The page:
The mind is not the output of a computer either. We cannot build computers that do what the mind does and experiences. Of course, the notion of the mind as a computer doesn’t preclude the notion of life after death since one might download and upload the mind. Moreover, a computer merely manipulates symbols; it isn’t really conscious of what it is doing like the human mind. Computers can do syntax but not semantics; they can follow rules but can’t discern meaning. No computer, however complex, will ever be able to think and be conscious.

Neuroscience has only shown its own inherent limitations and blindspots. Science is limited to the study of material things that are objective and publicly observable. The “scientific” argument against the soul (mind/consciousness) collapses because the soul is not material or objective. Neuroscience thus makes life after death a plausible notion, though perhaps not persuasive and credible on its own.

Neuroscience has also shown that mental activity actually reconstitutes and reprograms the neurons in our brain. The mind, the person, the human will, shapes and forms the physical brain.

Physician Jeffrey Schwartz treats OCD patients and developed what he calls “cognitive therapy.” This therapy involves patients learning to refocus their minds away from their compulsions and toward other thoughts and actions. Not only has the therapy been successful in many cases, but it has shown that a person can willfully rewire and bring order to their own previously disordered brains. The mind is controlling the matter, not the other way around!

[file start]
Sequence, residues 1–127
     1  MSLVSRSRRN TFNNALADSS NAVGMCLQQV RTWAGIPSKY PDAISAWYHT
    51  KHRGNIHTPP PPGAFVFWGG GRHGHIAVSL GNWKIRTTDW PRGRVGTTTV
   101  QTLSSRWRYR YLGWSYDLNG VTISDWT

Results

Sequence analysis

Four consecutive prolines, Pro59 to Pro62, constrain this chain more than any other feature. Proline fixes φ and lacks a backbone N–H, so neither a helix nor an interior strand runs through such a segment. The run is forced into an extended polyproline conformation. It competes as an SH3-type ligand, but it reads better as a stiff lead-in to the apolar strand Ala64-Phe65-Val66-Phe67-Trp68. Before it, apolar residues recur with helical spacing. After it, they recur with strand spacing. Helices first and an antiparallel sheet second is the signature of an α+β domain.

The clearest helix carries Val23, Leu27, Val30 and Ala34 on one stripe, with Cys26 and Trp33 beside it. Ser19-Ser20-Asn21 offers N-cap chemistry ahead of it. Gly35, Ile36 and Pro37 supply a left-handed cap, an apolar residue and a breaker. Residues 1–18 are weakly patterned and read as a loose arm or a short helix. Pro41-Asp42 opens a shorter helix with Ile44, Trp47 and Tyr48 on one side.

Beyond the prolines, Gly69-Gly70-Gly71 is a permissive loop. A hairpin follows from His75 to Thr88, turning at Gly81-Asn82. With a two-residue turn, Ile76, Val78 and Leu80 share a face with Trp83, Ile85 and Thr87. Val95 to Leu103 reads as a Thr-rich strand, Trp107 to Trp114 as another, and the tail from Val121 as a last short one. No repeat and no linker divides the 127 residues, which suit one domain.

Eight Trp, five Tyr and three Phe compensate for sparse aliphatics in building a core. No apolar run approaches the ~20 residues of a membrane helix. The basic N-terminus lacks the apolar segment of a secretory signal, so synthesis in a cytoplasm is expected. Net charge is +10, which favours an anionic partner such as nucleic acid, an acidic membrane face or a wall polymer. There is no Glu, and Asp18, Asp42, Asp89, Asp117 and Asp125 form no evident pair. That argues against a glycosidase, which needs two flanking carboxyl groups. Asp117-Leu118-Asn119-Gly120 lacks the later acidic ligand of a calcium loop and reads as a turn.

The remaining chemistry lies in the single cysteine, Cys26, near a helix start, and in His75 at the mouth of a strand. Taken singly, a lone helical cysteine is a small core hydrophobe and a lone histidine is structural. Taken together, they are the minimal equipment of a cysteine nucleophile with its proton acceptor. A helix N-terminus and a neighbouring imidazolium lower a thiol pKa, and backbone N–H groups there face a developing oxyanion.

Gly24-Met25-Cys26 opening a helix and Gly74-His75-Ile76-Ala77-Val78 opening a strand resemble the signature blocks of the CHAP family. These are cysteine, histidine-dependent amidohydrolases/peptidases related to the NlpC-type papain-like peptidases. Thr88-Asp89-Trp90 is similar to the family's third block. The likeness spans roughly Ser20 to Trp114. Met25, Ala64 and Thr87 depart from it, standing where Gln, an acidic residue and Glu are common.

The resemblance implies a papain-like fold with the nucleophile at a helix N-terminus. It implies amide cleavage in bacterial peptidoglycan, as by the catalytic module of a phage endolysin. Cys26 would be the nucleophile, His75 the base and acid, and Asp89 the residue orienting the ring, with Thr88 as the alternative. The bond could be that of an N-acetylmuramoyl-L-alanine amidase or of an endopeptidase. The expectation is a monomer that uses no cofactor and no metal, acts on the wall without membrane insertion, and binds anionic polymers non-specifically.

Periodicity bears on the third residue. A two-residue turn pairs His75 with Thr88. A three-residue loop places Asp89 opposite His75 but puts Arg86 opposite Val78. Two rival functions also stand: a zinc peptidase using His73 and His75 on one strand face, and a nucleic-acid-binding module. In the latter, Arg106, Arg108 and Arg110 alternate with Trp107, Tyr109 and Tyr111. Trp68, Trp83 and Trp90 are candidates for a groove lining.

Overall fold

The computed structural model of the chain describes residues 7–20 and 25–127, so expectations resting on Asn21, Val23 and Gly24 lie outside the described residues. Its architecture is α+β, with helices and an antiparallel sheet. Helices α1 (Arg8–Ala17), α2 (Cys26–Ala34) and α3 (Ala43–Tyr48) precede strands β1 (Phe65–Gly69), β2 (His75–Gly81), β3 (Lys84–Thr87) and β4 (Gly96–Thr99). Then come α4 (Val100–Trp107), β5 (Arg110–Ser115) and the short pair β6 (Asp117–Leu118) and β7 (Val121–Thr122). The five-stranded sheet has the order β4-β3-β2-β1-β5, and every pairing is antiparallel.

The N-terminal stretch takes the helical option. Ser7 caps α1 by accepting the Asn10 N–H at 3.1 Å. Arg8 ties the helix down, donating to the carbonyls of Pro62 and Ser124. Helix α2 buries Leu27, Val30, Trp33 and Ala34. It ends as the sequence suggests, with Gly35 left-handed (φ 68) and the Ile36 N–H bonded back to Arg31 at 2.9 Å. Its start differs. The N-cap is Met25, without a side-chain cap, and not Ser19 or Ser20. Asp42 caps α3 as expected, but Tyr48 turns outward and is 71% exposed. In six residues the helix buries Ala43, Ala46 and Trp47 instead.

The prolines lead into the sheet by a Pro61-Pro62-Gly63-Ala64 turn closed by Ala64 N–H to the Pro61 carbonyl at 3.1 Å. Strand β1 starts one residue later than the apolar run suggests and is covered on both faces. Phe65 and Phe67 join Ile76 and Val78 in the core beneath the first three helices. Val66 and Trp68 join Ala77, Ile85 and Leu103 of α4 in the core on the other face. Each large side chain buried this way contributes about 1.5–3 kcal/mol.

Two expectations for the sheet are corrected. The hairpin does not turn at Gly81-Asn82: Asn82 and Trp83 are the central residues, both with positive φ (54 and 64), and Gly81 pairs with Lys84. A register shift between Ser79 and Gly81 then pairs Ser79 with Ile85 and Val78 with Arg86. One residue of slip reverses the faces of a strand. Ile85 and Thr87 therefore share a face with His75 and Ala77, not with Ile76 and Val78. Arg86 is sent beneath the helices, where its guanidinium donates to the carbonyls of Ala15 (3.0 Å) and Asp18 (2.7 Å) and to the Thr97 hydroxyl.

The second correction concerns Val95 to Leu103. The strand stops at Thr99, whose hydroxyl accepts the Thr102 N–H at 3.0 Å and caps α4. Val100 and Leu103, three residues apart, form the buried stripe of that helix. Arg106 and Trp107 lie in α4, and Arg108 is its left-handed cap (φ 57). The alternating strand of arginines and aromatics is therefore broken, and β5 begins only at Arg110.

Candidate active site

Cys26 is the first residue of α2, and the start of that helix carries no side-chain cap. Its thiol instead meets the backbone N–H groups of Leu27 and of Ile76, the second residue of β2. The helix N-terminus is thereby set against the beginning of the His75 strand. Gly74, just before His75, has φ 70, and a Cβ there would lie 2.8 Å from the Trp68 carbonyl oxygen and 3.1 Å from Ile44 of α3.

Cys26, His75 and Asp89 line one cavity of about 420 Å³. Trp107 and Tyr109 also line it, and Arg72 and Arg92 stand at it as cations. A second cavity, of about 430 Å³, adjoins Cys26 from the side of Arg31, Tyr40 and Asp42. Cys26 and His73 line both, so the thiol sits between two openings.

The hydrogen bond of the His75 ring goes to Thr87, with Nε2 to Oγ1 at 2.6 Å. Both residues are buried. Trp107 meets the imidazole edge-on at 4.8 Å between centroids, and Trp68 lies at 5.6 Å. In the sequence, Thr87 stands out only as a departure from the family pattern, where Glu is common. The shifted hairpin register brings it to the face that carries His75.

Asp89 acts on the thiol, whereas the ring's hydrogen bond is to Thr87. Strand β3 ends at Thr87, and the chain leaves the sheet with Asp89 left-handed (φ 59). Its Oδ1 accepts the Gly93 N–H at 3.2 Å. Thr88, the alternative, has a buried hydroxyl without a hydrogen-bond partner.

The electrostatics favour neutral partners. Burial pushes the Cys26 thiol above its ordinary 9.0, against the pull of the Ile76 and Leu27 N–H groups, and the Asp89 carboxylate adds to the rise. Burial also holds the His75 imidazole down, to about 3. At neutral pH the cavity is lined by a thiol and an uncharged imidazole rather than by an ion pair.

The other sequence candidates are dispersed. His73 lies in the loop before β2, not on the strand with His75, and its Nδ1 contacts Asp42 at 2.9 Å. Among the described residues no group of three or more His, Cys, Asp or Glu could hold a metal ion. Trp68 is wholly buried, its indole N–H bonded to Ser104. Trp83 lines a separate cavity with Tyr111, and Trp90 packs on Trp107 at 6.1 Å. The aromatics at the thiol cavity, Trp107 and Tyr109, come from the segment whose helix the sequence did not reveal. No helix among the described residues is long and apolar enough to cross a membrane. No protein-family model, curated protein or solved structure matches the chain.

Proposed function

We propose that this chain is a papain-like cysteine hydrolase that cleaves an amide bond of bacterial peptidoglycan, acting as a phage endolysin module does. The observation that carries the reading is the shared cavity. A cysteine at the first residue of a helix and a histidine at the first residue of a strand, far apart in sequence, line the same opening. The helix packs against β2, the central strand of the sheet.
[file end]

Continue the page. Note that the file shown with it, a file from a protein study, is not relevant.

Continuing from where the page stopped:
The placebo and nocebo effects also demonstrate how the mind changes the body, including the brain.

The concept of neuroplasticity is a relatively new term to describe how the mind can change the physical arrangements in the brain. Psychiatrist Norman Doige has employed this concept and a therapy similar to Dr. Schwartz’s to successfully treat a variety of mental disabilities.

If the mind is independent enough to create changes in the body, especially the brain, it seems reasonable to suppose the mind can survive the dissolution of the body, including specifically the brain.

Dr. Schwartz and physicist Henry Stapp are using discoveries in quantum physics to explain these mysterious/miraculous phenomena/treatments. They believe that consciousness operates at the quantum level to create a physical force. They believe the patients can, through trained volition/consciousness, fix and rearrange the position of subatomic particles and thus transform the physical reality within the brain.

Consciousness is perhaps the most perplexing and mysterious subject in science, and yet it is the most obvious and self-evident thing to the ordinary person. Human consciousness has no physical explanation yet we can see its physical consequences in medicine. Consciousness has no good evolutionary explanation either.

Consciousness must exist. If consciousness doesn’t really exist, than we can’t be conscious of the fact that consciousness doesn’t exist. To deny consciousness is self-contradictory.

Philosopher David Chalmers argues we should accept consciousness as an irreducible element of reality, just like matter and energy in physics.

Quantum uncertainty creates rational/scientific room for free will.

“Thus a strict materialism refutes itself for the reason given long ago by Professor Haldane: ‘If my mental processes are determined wholly by the motion of atoms in my brain, I have no reason to suppose that my beliefs are true…and hence no reason for supposing my brain to be composed of atoms.” -C.S. Lewis, Miracles